COVID-19 is now becoming a threat that takes our system’s inhumanity to a new and even more horrific level

14 May 2020   |   by Carson Dougherty
“This is a public health crisis that threatens to become a humanitarian disaster"

“This is a public health crisis that threatens to become a humanitarian disaster", says Mary Bassett (who was the New York City Health Commission) in the New York Times, "COVID-19 is now becoming a threat that takes our system’s inhumanity to a new and even more horrific level: we know that the virus spreads in confined groups with frightening speed and efficiency. In a prison environment, huge numbers will die. Essentially, we are transforming their sentence of incarceration into a sentence to death."

Mary Bassett

While there is mounting outcry and lobbying for those like Governor Newsom and NY Governor Cumo and President Trump to " save lives " by releasing prisoners, the harsh reality is that it may take longer to accomplish than we can afford.

As the CDC, the ACLU, the President, and most prosecutors warn, there's a ticking time bomb waiting to explode around the 2.3 millions prisoners locked up. Every day, more stories of injustice come to light. In Terminal Island prison in California, over half of the inmates have coronavirus and prisoners have been moved to an old warehouse, infested by bats and pigeons, littered with their feces. In Elkton, Ohio, seven prisoners have died and the governor has called in the National Guard for help.

As of April 21st the Washington Post reports “This month, the Bureau of Prisons took the rare step of imposing a nationwide lockdown, with all 146,000 inmates ordered to stay in their cells. With inconsistent access to soap and disinfectant and social distancing difficult to maintain, American prisons are becoming incubators for the coronavirus. Thousands of inmates are getting sick, and guards are spreading the virus back out to the larger community. This week, a single Ohio prison has become a top hot spot in the country, with 1,950 inmates — 78 percent of the prison population — testing positive for the virus.”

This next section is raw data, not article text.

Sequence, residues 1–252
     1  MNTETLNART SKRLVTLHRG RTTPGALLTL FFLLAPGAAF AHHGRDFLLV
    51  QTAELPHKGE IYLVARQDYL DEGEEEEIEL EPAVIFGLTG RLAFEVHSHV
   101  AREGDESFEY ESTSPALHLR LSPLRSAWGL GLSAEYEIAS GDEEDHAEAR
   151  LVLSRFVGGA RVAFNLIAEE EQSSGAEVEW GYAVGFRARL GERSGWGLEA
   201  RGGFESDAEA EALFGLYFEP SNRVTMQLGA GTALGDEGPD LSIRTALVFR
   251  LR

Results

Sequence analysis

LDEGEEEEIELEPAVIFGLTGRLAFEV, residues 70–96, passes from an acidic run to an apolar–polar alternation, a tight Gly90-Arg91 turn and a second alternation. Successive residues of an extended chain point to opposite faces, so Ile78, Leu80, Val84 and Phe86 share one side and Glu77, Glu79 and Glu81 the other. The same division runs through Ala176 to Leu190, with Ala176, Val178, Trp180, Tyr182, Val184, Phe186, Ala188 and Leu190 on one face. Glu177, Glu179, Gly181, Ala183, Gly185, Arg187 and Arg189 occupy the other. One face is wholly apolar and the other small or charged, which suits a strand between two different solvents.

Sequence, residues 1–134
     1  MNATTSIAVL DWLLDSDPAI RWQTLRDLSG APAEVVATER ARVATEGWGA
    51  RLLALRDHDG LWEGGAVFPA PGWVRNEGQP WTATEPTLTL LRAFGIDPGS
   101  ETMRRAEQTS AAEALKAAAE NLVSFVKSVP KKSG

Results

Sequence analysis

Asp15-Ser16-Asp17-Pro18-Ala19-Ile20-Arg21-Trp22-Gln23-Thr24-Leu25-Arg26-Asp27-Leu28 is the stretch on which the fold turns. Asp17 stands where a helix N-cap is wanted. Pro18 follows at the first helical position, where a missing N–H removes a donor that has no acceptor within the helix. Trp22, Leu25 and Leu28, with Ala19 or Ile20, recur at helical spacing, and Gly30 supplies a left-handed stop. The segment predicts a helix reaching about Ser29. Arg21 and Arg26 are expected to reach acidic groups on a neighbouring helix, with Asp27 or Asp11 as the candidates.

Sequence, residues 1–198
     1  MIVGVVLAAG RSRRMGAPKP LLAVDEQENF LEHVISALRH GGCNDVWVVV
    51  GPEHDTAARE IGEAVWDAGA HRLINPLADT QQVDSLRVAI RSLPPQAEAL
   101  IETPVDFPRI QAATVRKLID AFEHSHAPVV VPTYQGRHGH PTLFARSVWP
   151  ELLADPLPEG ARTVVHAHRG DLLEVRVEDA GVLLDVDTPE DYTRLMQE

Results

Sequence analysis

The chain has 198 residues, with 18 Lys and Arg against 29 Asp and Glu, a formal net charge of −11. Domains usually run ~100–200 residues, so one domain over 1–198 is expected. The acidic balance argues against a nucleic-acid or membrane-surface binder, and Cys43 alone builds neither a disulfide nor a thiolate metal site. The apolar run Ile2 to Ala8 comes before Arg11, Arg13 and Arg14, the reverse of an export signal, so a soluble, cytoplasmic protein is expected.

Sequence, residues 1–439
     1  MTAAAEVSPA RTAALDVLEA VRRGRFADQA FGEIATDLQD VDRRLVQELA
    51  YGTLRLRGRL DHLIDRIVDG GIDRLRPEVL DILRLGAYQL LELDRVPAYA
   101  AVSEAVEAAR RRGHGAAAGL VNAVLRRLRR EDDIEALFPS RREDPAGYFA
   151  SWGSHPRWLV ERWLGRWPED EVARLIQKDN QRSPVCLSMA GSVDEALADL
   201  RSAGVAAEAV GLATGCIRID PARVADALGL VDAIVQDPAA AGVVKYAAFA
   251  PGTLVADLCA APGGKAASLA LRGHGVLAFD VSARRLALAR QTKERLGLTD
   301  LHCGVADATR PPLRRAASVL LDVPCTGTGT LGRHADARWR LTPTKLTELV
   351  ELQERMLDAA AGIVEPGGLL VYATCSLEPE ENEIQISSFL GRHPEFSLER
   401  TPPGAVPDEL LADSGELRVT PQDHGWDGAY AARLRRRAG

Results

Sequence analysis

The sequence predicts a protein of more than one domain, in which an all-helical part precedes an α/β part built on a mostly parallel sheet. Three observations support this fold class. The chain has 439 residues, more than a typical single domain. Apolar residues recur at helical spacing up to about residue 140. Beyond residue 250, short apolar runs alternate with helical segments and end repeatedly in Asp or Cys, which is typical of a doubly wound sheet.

Another April 21st article says it well: “Staff and union officials are furious at the Federal Bureau of Prisons’ leadership, alleging that the lack of preparation and disjointed response has led to dangerous working conditions and allowed the coronavirus outbreak to spiral out of control in prisons. Nearly 500 inmates and more than 300 staff have tested positive for COVID-19 at 59 BOP facilities across the country. Twenty-two inmates have died.”

The situation continues to worsen. As of April 29th a new shocking figure emerged “figures provided by the Bureau of Prisons show that out of 2,700 tests systemwide, nearly 2,000 have come back positive, strongly suggesting there are far more COVID-19 cases left uncovered”. The same article says “Advocates and even prison guards have been calling for reforms to head off outbreaks in a prison system plagued for years by violence, misconduct and staffing shortages. Nearly 350 staff members have tested positive.” “Staff are sent around the country to pick up shifts, and union officials say the shortages are still so severe that officers are sometimes working 24 hours in a row.

And unfortunately unless we help, it could continue to get worse. "We think it's going to be a virus that stalks the human race for quite a long time to come until we can all have a vaccine to protect us,"